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If Bush is Having 'Visions', America Must Need Arab Support for Another War
14 March 2002
It is the "vision" thing again. When President George Bush wanted Arab support for the US bombing of Afghanistan in September, he suddenly announced he had a "vision" of a Palestinian state. Then it disappeared off his radar screen.
Yet now it's back in a watered-down, US-framed UN resolution that affirms "a vision of a region where two states, Israel and Palestine, live side by side..." Could it be that Mr Bush has another war in mind for the region, that perhaps Vice-President Dick Cheney, now touring the Arab world and Israel, wants Arab support for an attack on Iraq?
UN resolutions don't disappear as fast as presidential "visions" and the world now has the idea and it's only an idea embedded in a serious UN document. Indeed, it's probably the first time the UN has had a "vision" about anything. But it fails to address the far more important point of UN Security Council resolution 242 of 1967, upon which the Oslo agreement was supposed to have been founded. It calls for Israeli withdrawal from territories it occupied in the Six Day War. Yesterday's UN resolution makes no reference to the occupation of the West Bank and Gaza (nor to the occupied Syrian Golan Heights) and thus presents the world with an image, or "vision", of two sides fighting on level ground.
When it "demands immediate cessation of all acts of violence, including all acts of terror, provocation, incitement and destruction...", it is unclear whether the Security Council believes Israel is occupying Palestinian land or whether it thinks that the Palestinian Authority is occupying Israel. Which is why the original Syrian draft resolution, which specifically talked about Israel as the "occupying power", was withdrawn along with its call to Israel to respect the Geneva Conventions protecting civilians under occupation. Syria abstained from the vote. Israel's UN ambassador called the latest resolution "balanced".
The only verbal connection between the new resolution and the all-important 35-year-old 242, which specifically refers to occupation, is the vaguely worded call for the states to live "within secure and recognized borders". No mention of Jewish settlements for Jews and Jews only on Arab land, no mention of east Jerusalem as a Palestinian capital, or a right of return for any refugees. Like the Oslo agreement, this latest resolution leaves these critical issues out of the "vision", as presumably something to be resolved later.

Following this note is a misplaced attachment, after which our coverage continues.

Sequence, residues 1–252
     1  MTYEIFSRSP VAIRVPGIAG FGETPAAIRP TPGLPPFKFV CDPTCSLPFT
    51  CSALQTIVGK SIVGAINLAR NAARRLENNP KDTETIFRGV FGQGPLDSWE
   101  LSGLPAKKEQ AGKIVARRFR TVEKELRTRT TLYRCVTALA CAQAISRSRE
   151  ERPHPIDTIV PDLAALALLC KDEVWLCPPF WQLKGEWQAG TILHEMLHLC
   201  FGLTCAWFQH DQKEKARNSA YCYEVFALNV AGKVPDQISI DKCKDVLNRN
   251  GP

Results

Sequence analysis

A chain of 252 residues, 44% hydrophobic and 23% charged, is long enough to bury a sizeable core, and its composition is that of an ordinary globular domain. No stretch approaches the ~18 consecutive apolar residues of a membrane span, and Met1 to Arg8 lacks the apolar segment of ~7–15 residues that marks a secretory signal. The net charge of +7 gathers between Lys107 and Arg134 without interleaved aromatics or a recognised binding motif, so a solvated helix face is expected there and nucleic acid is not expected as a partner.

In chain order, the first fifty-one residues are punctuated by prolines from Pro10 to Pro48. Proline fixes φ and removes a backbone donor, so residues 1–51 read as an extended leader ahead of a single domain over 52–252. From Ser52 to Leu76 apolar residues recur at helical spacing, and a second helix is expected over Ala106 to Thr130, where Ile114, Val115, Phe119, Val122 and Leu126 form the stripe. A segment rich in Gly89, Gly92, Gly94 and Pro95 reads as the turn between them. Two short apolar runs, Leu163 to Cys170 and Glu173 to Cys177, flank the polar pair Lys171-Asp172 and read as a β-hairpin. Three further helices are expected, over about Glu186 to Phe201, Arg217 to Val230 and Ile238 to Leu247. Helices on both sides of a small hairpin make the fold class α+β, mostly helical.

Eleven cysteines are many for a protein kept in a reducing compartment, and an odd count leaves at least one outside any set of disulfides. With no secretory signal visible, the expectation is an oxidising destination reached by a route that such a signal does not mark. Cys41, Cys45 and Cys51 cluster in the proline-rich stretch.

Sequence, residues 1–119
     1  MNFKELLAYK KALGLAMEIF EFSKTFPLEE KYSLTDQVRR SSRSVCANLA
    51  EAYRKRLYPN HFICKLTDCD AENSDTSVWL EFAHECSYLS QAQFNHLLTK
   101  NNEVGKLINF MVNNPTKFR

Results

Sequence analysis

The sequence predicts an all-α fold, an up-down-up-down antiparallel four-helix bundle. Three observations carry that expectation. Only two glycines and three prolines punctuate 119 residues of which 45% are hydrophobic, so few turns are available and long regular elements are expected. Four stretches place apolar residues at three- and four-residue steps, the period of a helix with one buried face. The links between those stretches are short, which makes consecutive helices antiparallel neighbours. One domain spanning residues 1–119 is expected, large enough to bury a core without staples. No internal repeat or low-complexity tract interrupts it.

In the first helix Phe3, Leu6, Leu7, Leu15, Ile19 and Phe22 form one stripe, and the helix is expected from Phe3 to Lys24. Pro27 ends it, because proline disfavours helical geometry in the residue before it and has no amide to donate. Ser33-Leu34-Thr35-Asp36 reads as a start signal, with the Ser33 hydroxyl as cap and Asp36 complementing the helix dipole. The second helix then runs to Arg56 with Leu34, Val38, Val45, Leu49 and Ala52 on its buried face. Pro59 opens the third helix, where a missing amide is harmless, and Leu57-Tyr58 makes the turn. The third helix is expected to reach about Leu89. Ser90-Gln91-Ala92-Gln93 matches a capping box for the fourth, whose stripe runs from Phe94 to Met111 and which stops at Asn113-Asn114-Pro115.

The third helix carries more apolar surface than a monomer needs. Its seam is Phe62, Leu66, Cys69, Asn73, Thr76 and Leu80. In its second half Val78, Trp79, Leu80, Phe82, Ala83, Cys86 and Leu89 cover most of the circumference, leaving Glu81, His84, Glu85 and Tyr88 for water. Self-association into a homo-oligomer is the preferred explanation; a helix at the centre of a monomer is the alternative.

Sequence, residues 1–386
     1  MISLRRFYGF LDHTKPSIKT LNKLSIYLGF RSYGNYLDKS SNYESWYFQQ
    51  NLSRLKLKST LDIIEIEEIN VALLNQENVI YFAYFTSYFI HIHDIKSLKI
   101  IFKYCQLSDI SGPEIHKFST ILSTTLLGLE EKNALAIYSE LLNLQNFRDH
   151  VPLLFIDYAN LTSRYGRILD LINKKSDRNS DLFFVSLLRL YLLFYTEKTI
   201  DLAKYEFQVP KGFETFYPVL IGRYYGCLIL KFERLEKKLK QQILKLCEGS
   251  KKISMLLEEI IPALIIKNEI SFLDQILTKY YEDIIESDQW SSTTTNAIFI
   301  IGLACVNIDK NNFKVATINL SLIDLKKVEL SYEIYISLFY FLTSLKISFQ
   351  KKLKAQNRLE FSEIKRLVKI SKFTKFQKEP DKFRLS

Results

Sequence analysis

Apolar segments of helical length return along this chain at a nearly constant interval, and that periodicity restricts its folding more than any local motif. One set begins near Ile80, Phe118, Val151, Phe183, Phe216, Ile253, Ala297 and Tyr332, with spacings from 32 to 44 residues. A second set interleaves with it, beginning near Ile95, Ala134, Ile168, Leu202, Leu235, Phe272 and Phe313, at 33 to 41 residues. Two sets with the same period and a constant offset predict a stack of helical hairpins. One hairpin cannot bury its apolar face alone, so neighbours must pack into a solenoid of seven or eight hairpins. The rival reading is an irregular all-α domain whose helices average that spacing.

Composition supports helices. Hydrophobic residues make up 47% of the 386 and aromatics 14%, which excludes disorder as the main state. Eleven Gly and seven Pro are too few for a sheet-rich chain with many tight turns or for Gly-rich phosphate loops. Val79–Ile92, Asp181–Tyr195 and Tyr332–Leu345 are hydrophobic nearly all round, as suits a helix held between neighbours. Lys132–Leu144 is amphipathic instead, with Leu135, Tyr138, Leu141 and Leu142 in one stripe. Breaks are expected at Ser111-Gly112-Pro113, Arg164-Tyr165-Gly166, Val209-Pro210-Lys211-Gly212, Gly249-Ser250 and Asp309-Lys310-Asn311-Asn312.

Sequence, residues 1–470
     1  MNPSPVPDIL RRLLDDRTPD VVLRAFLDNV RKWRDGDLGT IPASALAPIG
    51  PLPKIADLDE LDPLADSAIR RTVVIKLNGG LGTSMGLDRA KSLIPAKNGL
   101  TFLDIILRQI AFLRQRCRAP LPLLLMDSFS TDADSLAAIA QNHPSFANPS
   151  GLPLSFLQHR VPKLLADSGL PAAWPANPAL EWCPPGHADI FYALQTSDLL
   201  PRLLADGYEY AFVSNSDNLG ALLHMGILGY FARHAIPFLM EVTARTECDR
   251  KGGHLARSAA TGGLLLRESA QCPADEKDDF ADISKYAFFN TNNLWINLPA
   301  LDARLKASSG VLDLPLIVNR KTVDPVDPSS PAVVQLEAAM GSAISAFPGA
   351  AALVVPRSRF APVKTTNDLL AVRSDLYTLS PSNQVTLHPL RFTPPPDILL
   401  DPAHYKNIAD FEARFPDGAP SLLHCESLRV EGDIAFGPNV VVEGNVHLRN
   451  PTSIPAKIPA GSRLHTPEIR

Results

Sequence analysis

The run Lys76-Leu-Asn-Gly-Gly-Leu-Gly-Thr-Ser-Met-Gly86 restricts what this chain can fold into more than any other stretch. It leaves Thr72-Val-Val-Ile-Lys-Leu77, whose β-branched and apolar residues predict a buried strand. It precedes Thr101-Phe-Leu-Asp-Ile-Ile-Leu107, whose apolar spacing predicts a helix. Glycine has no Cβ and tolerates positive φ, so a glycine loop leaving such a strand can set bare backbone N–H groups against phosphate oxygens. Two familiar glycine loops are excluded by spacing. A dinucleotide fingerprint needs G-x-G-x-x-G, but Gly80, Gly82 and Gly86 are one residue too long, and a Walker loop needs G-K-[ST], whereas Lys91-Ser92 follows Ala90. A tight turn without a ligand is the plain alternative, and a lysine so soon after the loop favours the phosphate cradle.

It was left to the UN Secretary General, Kofi Annan, to express his revulsion at the current level of violence, to refer specifically to Israel's "illegal occupation" and to "morally repugnant" Palestinian suicide bombings. This is better than nothing but Mr Annan's words are not written into any resolution. The Security Council, now that the US has weakened its new resolution, makes no moral judgments at all, even though the illegality of Israel's occupation partly hinges on the Council's own 242 resolution calling upon Israel to withdraw.
As always, the Arabs anxious not to alienate the Americans had to clap their hands at the "vision" bit, as if it contained the seeds of Palestinian sovereignty. Yasser Abed Rabbo, the so-called Palestinian Information Minister, said it represented a "defeat" for the Israeli Prime Minister, Ariel Sharon which is nonsense because the US would not have proposed the text unless it met with Israel's approval and called for "direct international intervention to implement this resolution through ending the Israeli occupation and evacuating all the Israeli settlements" from Palestinian land. But there's nothing about international intervention in the UN text, nor about settlements.
All in all, then, a pretty vision, to run alongside Saudi Crown Prince Abdullah's own watered-down version of resolution 242. Let's see how much it helps Mr Cheney as he seeks approval for yet another Middle East war.